Growing up in a family that shares some of your social and ethnic concerns is important. I understand the point made that a white mother can relate to the trials and tribulations facing a white child better than a mother of another nationality might. I can relate to the fact that a black child can better empathize with the black experience by way of parents who look like her and have a comparative story to share.

I understand these well-intended points. But, if you look at today’s teens and young adults, many of them are unaware of their heritage and historical backgrounds. Many of them are accepting of all nationalities and they see themselves as Americans — and this phenomenon is partly due to a big shift in our culture.

Actually, I think interracial adoptions could be a good thing for the children, because they are being reared from a different perspective, leaving behind some of the self-imposed limitations some races have passed from generation to generation.

If I were a child without parents, living with uncertainty and the odds stacked against me, I’d want someone to take me into their home and love me, feed me and grant me a somewhat normal childhood. I would want someone to give me an opportunity to attend school and become something great. It wouldn’t matter if that person was Chinese, Japanese, American or Sudanese.

As I previously mentioned, knowing our history and where we come from is important, but in order to even care about our background, we’ve got to be loved. Love helps us identify with groups, communities and the world, but that love must start within and most of us are able to get that process going by way of a loving parent, no matter her genetic makeup or skin color.

Many Homeless Adults Start their Journey in Foster Care

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Foster care placement is one of the childhood risk factors, which predicts adult homelessness. A mother with a childhood history of foster care is far more likely to become homeless than one who has never entered the foster care system.

Darlesha Joyner is one such mother who comprises more than 6,500 District residents without permanent homes.

“I’m tired and frustrated,” said Joyner, 22, who entered Maryland’s foster care system at 14 years old. Her 18-month-old son rested on her hip with his legs akimbo. “My issue is not only with living in the shelter but even before. I don’t want to be here.”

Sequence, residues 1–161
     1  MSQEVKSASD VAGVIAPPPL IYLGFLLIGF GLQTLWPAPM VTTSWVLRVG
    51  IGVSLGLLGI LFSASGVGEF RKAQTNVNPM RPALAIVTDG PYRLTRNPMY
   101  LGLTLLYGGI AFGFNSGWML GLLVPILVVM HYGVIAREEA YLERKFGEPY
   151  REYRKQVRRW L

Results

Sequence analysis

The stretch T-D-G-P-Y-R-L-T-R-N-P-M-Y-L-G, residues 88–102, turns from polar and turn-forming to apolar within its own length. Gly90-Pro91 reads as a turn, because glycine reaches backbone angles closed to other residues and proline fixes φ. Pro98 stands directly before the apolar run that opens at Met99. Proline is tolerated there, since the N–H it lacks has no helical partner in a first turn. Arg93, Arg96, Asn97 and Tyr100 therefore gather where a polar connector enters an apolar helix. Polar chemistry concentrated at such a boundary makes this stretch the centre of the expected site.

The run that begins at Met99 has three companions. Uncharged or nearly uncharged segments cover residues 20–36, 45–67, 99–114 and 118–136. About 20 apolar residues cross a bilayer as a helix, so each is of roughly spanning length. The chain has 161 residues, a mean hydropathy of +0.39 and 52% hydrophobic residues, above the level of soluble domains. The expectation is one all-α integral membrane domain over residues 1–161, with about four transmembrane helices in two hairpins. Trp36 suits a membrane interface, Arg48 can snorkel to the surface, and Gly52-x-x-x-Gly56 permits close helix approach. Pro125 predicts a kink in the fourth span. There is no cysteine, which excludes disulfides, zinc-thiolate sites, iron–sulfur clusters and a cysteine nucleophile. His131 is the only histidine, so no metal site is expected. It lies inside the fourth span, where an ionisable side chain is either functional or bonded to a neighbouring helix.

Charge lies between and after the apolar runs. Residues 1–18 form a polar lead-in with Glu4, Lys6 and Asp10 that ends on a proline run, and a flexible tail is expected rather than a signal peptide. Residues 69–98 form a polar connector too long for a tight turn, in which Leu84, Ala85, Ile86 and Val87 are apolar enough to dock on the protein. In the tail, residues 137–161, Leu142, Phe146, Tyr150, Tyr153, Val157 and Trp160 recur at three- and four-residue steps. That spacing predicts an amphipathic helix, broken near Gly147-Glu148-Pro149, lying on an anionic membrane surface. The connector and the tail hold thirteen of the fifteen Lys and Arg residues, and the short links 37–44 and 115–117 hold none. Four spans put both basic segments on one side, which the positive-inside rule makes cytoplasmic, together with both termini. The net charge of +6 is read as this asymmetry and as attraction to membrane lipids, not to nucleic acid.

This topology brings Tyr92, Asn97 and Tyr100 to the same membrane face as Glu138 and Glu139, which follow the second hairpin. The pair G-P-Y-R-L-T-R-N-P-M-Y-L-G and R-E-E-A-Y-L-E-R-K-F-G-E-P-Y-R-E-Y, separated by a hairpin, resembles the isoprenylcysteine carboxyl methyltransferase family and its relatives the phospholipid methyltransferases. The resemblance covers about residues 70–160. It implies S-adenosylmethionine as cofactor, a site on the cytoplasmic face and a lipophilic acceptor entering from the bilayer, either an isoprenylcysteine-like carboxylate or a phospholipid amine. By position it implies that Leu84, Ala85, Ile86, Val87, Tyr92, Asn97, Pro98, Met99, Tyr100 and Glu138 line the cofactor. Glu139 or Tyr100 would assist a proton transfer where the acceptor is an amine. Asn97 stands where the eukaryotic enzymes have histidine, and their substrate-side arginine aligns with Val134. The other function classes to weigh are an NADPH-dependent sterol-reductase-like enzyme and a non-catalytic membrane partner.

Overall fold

Since January, Joyner, a mother of two, has lived in the old D.C. General Hospital, which was repurposed as a family shelter in Southeast. Recent reports indicate it houses 284 families with nearly 600 children, more than half of them under the age of 12.

Joyner experienced a series of losses over a short time. At four years old, her mother died. Her father followed at seven. One grandmother died when she was 10 and another at 14. Since the age of seven, she was bounced around by family members, living from house to house, until she entered foster care, the native Washingtonian said.

“My family said I was hard headed,” said Joyner who has a learning disability. At 18, she emancipated herself by leaving the foster care system, got into domestic violence situations, lived in hallways and slept outdoors.

She joined several persons who testified at Ward 1 Council member Jim Graham’s public oversight hearing on D.C. General’s services and management onsite at the shelter on Feb. 28.

“These children are wards of the city and we have special responsibility for them,” said Graham, chair of the Committee on Human Services with oversight authority over D.C. General. “In the process, we become their parents, and we should anticipate their needs when they’re emancipated.”

One woman revealed she was a foster child from 2 to 21 years old, and now lives at D.C. General.